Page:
Tampa, Florida - Prosecutors are nearing the end of their case against Dontae Morris, the man accused of murdering two beloved Tampa officers June 29, 2010.
The state is calling its final few witnesses of the highly-publicized murder trial, and the defense could start its case as early as Friday morning. Defense attorneys tell 10 News they will present a very brief case with a short witness list, "only one or two people," which means the jury will most likely get the case by Friday evening.
The drama began right away Thursday morning, when defense attorney Byron Hileman made a motion for mistrial just moments after Dontae Morris was led into the courtroom in handcuffs. This would be the third time the defense requested a mistrial in two days.
Hileman became visibly upset when addressing Judge William Fuente. The defense attorney explained the basis for his mistrial request, saying that the voice recognition by multiple police officers of Dontae Morris during the trial is flawed. Many officers and detectives from the Tampa Police Department have testified in this case and identified Morris' voice.
"They are biased and unreliable in voice recognition," Hileman explained. "We are put in a disadvantageous position. This is not a level playing field."
Hileman told the judge that his team was protecting the dash cam video which shows the murders of the two officers that fateful night and that defense attorneys did not get an expert to view the video.
Hileman said, "We kept it under lock and key. We didn't even let our secretaries see it. We didn't get the chance to show it to a lay witness. Those police officers are not experts."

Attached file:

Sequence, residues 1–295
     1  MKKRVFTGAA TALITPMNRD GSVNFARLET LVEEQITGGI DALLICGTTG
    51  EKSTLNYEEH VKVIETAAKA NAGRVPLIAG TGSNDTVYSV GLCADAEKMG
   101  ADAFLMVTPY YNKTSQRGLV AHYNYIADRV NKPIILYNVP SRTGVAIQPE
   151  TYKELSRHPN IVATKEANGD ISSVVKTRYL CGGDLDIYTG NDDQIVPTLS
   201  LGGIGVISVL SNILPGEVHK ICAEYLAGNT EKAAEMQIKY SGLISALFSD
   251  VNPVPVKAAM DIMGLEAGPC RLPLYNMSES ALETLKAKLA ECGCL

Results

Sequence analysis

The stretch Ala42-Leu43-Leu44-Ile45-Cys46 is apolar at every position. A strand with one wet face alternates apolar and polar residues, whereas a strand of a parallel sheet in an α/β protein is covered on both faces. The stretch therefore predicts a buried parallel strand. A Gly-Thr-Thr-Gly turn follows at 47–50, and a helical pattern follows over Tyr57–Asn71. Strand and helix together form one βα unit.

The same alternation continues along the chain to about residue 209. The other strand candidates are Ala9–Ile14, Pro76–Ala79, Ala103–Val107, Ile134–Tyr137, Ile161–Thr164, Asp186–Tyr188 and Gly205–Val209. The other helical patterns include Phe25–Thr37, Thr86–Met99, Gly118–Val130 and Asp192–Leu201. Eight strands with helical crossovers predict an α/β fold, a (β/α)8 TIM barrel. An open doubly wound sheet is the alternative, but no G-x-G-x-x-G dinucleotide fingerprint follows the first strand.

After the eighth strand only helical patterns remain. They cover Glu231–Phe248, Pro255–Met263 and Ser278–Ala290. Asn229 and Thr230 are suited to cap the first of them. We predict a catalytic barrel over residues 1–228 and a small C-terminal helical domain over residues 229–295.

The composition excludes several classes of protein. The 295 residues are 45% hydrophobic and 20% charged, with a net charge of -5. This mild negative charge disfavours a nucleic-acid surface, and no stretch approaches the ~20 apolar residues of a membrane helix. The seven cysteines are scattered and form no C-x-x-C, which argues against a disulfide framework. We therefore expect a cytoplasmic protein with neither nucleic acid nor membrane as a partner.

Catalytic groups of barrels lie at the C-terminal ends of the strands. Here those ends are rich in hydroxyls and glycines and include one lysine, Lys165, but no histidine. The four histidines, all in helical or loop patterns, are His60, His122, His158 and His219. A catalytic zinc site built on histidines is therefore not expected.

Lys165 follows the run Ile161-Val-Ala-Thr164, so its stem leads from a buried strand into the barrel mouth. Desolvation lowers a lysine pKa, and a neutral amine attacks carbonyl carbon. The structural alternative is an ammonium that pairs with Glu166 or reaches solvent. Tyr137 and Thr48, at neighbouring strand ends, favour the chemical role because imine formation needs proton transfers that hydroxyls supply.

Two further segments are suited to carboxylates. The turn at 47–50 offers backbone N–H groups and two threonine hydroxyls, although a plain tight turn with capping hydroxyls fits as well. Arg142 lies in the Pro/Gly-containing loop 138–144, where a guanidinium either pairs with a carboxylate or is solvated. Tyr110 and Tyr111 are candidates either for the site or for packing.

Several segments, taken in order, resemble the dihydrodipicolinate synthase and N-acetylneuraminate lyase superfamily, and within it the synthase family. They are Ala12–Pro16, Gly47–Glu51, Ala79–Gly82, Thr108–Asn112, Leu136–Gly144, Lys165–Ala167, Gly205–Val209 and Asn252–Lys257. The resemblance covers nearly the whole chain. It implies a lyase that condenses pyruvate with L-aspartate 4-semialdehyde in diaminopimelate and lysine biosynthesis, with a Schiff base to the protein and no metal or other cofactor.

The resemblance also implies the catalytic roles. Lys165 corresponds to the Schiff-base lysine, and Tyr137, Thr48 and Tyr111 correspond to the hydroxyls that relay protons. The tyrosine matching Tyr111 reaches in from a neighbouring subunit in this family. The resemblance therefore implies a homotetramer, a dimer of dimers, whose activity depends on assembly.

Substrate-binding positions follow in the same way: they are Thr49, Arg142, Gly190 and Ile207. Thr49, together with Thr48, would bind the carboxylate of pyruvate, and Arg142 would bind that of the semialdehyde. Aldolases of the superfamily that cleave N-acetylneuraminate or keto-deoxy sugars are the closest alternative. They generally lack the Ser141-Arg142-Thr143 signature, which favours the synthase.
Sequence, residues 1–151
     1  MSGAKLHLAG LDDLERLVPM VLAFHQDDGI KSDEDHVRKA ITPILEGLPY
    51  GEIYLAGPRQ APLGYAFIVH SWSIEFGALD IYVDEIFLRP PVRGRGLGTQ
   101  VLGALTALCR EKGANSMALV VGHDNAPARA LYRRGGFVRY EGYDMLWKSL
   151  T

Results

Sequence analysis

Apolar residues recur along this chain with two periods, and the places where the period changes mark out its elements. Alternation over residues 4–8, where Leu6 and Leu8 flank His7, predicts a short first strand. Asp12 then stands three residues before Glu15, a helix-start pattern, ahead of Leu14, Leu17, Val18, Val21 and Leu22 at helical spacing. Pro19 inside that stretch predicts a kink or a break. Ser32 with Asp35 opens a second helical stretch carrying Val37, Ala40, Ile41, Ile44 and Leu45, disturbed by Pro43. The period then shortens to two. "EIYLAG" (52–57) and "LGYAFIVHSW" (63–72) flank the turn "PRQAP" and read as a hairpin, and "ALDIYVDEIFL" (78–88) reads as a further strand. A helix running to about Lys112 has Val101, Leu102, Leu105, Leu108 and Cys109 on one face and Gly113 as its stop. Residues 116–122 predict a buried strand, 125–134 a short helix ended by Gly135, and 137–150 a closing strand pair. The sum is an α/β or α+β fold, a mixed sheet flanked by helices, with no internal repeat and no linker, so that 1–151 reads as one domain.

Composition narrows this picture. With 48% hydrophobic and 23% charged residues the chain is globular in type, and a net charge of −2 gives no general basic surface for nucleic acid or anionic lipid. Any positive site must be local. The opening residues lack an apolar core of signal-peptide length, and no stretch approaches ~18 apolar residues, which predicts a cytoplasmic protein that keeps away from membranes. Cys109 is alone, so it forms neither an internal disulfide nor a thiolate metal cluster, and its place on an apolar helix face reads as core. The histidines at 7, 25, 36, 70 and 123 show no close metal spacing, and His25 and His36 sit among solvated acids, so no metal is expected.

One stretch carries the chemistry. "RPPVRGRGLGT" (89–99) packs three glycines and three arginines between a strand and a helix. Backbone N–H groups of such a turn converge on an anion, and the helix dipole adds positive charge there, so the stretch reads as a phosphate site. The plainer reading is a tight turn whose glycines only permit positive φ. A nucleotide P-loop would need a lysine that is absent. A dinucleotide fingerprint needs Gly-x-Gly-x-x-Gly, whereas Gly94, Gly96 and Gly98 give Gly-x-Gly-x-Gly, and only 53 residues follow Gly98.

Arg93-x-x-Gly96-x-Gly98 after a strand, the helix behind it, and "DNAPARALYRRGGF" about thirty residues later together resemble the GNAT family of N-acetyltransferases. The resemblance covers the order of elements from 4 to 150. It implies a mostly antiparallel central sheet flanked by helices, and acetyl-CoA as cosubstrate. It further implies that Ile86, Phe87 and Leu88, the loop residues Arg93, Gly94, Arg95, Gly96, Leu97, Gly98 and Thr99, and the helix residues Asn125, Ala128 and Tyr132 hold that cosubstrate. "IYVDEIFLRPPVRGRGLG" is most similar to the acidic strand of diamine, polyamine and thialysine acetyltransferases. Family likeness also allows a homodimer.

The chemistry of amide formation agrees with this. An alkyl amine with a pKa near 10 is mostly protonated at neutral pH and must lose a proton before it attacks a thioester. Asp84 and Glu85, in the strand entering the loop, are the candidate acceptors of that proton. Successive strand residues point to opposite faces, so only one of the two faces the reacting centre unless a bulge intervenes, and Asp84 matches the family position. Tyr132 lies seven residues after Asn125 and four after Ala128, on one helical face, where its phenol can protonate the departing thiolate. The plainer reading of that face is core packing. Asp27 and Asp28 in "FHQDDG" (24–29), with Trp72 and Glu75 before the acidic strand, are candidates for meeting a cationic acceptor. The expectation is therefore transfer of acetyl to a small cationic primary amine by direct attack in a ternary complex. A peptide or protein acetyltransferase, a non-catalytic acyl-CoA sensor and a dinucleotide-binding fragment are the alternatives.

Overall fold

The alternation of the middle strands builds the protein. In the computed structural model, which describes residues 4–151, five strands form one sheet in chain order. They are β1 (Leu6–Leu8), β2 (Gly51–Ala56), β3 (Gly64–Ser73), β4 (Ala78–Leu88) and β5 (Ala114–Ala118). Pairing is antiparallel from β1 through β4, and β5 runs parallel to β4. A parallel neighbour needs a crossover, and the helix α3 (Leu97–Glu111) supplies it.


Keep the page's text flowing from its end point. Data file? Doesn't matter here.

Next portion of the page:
Hileman said he was concerned that the police officers were not voice recognition specialists and that their testimony would be biased in this highly emotional trial.
For the third time this trial, the judge denied the request for mistrial telling the defense, "Your record is protected."
The strongest testimony of the day -- which bolstered the state's case -- came from a Hillsborough detention deputy, Ruben Clemente. He told jurors he heard Dontae Morris talking while incarcerated after the murders, and cops say what Morris uttered is highly damaging to the defense.
"I heard him say, 'I repent for killing,'" said Deputy Clemente. Then, the deputy identified Morris in the courtroom by pointing to him.
The defense countered asking, "Did you hear him say the names Curtis or Kocab?"
The deputy answered, "No."
Also part of the testimony was a Metro PCS representative and detective who talked about cell phone records. Police have long maintained that text messages were sent between Dontae Morris and his girlfriend, Cortnee Brantley, 18 minutes after the murders. They read:
Cortnee: I love u with my last breath
Dontae: Yea just lean bak stay loyal
Cortnee: Of course til death do us part
Dontae: Yea im out with love
Morris also signs off on his texts with the phrase, "On My Own Level," which prosecutors say is his signature phrase in messages to her.
A fingerprint specialist from the Tampa Police Department also testified. Susan Delage told jurors she's done thousands of fingerprint investigations. She testified that she found Cortnee Brantley's fingerprints in the red Toyota Camry that cops say the couple was in that night, but not Dontae Morris' prints.
She added, "You won't always find a latent print. The interior of a car surface can be rough, so there won't always be a print."
A former evidence tech, now-Officer Danielle Larkin, also testified about the chain of custody with all of the evidence taken from the Camry, including DNA and fingerprints. The state wanted to show that the evidence was preserved and protected at all times.
"I always wore gloves when collecting evidence and I placed the items in a sealed bag. It then went to a protected part of the Tampa Police Department."
Jurors took copious notes throughout the morning as they viewed multiple evidence photos. In addition, they often nodded while listening to witnesses.
The wives of the fallen officers could be seen staring at Dontae Morris at the defense table. In particular, Kelly Curtis was seen looking at the man accused of killing her husband more than three years ago. The wives have been surrounded by family, friends and officers each day during the trial.
The state is seeking the death penalty in this case.